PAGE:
The Galt Museum collects and preserves artifacts of permanent value to the study of the human history of Lethbridge and southwestern Alberta. Artifacts are collected from and donated by both public and private sources, and are available for viewing to researchers, by appointment. 


The artifacts are included in our Discovery Hall in the Permanent exhibit and, where possible, in our Special exhibits.

We are excited to offer our Collections database online and hope you'll be amazed at the treasures and their stories we hold in trust.

Donations

The Galt Museum & Archives actively collects and solicits new artifacts on a year round basis. The Galt, however, will not accept a donation if conditions are attached to the offer.

Donations are reviewed by communitybased Acquisitions Committee four times a year to determine the artifacts’ suitability relative to the mandate of the Galt Museum & Archives.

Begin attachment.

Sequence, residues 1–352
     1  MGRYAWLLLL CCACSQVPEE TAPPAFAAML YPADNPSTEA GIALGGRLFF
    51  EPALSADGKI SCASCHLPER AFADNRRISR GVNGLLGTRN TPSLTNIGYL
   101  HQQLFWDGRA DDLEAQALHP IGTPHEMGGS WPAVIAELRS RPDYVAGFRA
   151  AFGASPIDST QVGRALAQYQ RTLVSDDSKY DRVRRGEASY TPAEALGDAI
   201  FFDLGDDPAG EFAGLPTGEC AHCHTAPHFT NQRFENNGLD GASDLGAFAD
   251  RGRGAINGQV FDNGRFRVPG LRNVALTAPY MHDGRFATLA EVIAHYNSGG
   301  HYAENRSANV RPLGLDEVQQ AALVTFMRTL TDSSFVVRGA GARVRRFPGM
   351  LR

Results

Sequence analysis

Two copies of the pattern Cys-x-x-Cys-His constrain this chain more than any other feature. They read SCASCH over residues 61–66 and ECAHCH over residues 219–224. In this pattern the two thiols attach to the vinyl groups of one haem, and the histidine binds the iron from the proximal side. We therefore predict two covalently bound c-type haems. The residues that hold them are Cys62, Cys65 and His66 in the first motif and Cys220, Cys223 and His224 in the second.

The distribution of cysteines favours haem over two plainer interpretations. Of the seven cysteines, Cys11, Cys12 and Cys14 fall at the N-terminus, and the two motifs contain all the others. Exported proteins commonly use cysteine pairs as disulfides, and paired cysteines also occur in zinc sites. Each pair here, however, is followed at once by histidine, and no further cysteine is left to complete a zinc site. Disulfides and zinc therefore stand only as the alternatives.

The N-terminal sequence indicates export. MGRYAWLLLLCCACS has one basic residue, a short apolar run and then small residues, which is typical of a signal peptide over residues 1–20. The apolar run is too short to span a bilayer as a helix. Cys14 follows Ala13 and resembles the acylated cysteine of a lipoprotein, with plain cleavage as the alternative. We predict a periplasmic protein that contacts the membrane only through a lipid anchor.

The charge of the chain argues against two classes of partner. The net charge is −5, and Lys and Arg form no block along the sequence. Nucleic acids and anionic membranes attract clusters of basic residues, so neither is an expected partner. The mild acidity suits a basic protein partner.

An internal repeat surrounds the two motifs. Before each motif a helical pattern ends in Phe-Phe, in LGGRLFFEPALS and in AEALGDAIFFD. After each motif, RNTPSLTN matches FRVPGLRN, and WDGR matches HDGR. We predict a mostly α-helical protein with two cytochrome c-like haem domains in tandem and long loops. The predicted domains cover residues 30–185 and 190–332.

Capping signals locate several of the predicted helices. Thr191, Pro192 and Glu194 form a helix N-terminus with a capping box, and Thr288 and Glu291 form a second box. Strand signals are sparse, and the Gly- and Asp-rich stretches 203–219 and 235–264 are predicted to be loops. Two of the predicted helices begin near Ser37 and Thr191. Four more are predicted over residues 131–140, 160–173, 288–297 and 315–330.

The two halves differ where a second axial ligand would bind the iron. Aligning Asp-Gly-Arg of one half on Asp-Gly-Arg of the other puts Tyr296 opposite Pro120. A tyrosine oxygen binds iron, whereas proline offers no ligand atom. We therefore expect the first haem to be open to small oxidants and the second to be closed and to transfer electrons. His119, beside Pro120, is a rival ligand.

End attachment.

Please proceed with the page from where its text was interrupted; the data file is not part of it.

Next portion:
The committee also reviews the condition of the item and examines the existing collection to see if there are examples of similar items which already have been collected. If the item meets the Museum's criteria, the item is accepted into the collection.

This review process commonly takes from four to six months. If an artifact(s) is wanted for the Museum’s collection the donor will be informed and requested to sign a Certificate of Gift.

Endorsement of the Certificate transfers legal ownership of the artifact(s) to the Museum and to the City of Lethbridge.

Loans

The Galt Museum & Archives makes available for loan artifacts from its permanent collection and from its handson, teaching collection on a temporary, conditional basis.

The Galt reserves the right to refuse loan requests for reasons including conservation and applicant unsuitability.
Candidates must adhere to all loan contract conditions. These conditions include, but are not limited to, maintenance of a proper display/ storage environment, adherence to all security requests and proof of insurance should the artifact become lost, stolen or damaged.

Conditions relative to the loan of artifacts are more stringent than those which apply to objects of the teaching collection.
Portrait image for Kevin MacLean

Kevin MacLean Collections Technician